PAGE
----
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ENGLISH AS AN INTERNATIONAL LANGUAGE IN ASIA: HOW SHOULD WE TEACH IT?

IAN WALKINSHAW

In the 21st century English is an international language: A worldwide mode of communication used by both native- and non-native speakers (Modiano 1999). And non-native speakers are now the majority: Of the estimated 1.5 billion users of English worldwide (Graddol 2006), more than half learned to use it as a second/foreign language.

In South East Asia English is spoken by some native speakers and many non-native speakers. It is employed across the region for scholarship, business, commerce, defence and diplomacy. It is the working language of the Association of South East Asian Nations (ASEAN).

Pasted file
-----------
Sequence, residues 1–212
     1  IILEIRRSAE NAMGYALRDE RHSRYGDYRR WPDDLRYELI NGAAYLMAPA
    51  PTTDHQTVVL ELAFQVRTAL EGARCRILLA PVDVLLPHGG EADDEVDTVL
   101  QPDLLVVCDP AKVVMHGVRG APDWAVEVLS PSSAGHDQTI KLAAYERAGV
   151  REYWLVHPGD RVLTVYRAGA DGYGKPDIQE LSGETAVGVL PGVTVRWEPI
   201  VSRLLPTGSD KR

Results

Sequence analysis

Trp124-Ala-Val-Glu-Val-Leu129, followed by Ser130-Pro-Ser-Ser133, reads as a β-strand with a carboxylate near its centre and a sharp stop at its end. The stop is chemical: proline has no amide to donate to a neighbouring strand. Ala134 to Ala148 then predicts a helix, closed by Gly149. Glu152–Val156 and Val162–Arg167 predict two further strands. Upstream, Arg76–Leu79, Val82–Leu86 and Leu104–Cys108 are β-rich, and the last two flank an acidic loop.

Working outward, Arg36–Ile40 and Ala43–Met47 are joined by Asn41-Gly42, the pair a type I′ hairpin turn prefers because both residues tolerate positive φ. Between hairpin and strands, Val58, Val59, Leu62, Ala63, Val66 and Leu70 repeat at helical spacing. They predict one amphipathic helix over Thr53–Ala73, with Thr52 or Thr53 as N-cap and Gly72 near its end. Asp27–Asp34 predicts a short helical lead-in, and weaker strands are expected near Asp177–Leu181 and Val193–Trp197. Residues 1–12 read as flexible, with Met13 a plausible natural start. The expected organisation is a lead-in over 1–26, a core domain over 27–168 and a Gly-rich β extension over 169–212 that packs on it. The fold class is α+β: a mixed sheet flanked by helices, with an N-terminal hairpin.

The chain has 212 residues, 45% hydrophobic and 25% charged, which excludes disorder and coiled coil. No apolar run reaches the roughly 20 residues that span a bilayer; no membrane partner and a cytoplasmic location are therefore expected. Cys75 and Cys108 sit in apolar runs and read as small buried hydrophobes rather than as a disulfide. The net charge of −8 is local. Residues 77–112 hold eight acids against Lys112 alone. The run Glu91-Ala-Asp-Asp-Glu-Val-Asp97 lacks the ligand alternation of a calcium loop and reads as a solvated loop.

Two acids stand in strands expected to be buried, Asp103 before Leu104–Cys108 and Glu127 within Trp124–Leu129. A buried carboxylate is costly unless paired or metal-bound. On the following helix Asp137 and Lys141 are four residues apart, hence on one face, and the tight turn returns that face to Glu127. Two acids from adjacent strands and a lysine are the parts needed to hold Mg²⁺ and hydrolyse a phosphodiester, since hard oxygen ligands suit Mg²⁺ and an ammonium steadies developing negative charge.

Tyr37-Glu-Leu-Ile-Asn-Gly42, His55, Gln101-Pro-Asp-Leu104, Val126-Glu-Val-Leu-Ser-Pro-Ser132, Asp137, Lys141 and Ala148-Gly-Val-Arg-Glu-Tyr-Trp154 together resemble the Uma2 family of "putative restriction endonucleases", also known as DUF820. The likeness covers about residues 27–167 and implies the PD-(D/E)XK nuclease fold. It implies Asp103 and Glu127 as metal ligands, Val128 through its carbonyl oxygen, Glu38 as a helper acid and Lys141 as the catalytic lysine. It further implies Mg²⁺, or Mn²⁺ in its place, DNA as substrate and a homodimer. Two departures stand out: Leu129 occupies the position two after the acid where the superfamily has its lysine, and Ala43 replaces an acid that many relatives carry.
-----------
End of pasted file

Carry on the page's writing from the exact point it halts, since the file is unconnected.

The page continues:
This raises questions about how English should best be taught to learners in South East Asia, who need to be aware of how the language is used locally and how they can best communicate with other English users in the region.

My presentation therefore explores a range of practical methods for supplementing existing British or American models of English with a localised ‘English as an international language’ model that reflects how English is used in South East Asia. These include: How to use speakers of international English as a model in listening activities; how to modify textbooks and other materials to include examples of international English; the value of knowing about and being able to talk about the local culture; and the features of English varieties spoken in South East Asia which help speakers from that region understand one another.